The Internet of Services aims at creating a wrapper that simplifies all connected devices to make the most out of them by simplifying the process. Smart Factory Smart factories are a key feature of Industry 4. A smart factory adopts a so called Calm-system. A calm system is a system that is able to deal with both the physical world as well as the virtual.
A calm system is aware of the surrounding environment and the objects around it. It also can be fed with soft information regarding the object being manufactured such as drawings and models.
Based on the components above, the following are the design principles: Objects, machines and people need to be able to communicate through the Internet of Things and the Internet of People.
This is the most essential principle that truly makes a factory a smart one. CPSs must be able to simulate and create a virtual copy of the real world. CPSs must also be able to monitor objects existing in the surrounding environment. Simply put, there must be a virtual copy of everything.
The ability of CPSs to work independently. This gives room for customized products and problem solving. This also creates a more flexible environment for production. In cases of failure or having conflicting goals, the issue is delegated to a higher level. However, even with such technologies implemented, the need for quality assurance remains a necessity on the entire process Real-Time Capability: A smart factory needs to be able to collect real time data, store or analyze it, and make decisions according to new findings.
This is not only limited to market research but also to internal processes such as the failure of a machine in production line. Smart objects must be able to identify the defect and re-delegate tasks to other operating machines.The Global Competitiveness Report – is published by the World Economic Forum within the framework of the System Initiative on Shaping the Future.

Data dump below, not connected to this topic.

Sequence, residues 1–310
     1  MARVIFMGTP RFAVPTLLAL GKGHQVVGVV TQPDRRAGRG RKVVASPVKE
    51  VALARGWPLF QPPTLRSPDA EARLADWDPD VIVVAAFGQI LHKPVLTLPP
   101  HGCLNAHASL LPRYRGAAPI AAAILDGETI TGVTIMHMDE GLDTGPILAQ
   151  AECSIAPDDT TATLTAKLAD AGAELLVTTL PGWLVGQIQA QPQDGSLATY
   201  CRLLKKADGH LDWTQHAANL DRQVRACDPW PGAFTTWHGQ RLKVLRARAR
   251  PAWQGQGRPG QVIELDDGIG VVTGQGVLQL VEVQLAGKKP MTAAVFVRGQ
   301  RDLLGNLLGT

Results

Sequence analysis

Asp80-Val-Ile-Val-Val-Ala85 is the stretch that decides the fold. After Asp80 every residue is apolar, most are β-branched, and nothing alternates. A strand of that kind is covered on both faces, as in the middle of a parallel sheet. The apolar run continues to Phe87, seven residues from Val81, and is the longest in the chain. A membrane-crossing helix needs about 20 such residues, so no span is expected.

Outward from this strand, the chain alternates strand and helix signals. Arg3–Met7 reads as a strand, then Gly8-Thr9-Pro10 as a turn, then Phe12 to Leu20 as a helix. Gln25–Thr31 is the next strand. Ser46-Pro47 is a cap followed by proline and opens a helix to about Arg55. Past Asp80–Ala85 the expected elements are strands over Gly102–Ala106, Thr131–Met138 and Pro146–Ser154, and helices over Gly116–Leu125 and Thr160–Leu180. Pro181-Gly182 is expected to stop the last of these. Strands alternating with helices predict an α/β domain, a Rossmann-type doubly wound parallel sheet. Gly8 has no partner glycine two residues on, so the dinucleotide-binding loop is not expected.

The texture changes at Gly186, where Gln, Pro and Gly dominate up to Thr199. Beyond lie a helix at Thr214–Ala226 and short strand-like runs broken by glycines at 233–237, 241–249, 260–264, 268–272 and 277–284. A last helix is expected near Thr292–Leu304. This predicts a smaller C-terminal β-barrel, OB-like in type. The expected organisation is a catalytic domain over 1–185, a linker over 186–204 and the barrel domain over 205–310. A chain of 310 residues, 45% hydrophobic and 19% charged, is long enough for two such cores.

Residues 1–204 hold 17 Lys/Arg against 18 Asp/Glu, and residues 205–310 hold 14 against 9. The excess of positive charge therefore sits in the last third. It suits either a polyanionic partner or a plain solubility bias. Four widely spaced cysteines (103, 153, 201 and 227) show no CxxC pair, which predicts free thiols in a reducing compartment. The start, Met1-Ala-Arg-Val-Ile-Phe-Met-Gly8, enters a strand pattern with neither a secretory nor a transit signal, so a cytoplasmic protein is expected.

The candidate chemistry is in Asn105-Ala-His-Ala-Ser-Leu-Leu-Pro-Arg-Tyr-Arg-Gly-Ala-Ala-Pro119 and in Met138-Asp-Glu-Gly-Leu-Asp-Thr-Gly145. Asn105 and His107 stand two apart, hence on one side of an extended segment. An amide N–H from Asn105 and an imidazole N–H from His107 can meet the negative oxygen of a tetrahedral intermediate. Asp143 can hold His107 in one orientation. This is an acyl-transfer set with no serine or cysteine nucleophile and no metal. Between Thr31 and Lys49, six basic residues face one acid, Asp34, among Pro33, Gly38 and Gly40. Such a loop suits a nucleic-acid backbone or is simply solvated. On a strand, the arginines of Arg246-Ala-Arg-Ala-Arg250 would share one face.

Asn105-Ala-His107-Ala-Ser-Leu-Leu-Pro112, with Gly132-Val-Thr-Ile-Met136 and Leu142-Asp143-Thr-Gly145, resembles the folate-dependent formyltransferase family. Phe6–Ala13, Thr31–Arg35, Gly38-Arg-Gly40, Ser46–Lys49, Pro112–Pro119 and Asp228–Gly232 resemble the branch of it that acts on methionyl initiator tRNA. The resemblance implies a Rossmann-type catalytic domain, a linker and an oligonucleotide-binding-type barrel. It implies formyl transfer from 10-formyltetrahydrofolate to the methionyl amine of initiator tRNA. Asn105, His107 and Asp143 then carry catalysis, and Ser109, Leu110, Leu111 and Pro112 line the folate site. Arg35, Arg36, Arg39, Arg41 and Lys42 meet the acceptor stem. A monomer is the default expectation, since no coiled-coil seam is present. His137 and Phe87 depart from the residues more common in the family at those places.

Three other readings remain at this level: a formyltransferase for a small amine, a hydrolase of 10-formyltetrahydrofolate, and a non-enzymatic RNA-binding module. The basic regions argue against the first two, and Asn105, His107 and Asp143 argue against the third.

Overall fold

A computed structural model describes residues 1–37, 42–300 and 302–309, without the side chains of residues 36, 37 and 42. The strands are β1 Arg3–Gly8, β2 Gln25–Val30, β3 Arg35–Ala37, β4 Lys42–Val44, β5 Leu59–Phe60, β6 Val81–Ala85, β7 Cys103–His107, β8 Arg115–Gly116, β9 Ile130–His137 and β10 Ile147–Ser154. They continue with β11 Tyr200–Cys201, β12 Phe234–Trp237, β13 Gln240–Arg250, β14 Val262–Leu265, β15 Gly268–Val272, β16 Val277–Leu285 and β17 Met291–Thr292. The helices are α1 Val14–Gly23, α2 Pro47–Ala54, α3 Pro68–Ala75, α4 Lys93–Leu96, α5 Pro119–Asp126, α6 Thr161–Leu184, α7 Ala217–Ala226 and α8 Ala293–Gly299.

Company competition, or competitiveness, The U.S. steel industry faced a combination of challenges from increasing technology, a sudden collapse of markets due to high interest rates, the displacement of large integrated producers, increasingly uncompetitive cost structure due to increasing wages and reliance on expensive raw materials, and.
AGRICULTURE AND RURAL DEVELOPMENT Building Competitiveness in Africa’s Agriculture A GUIDE TO VALUE CHAIN CONCEPTS AND APPLICATIONS C. Martin Webber and Patrick Labaste.
"Competitiveness and future challenges of Pohjois-Savo - A report for The Regional Council of Pohjois-Savo (in Finnish with English abstract and summary)," Discussion Papers , The Research Institute of the Finnish Economy.
The Competitiveness and Future Challenges of Bangladesh in International Trade. This report gauges Bangladesh's trade competitiveness and future challenges. This report uses the Prof. Michael. The Global Federation of Competitiveness Councils (GFCC) is a network of leaders and organizations from around the world committed to the implementation of competitiveness strategies to drive innovation, productivity and prosperity for their nations, regions and cities.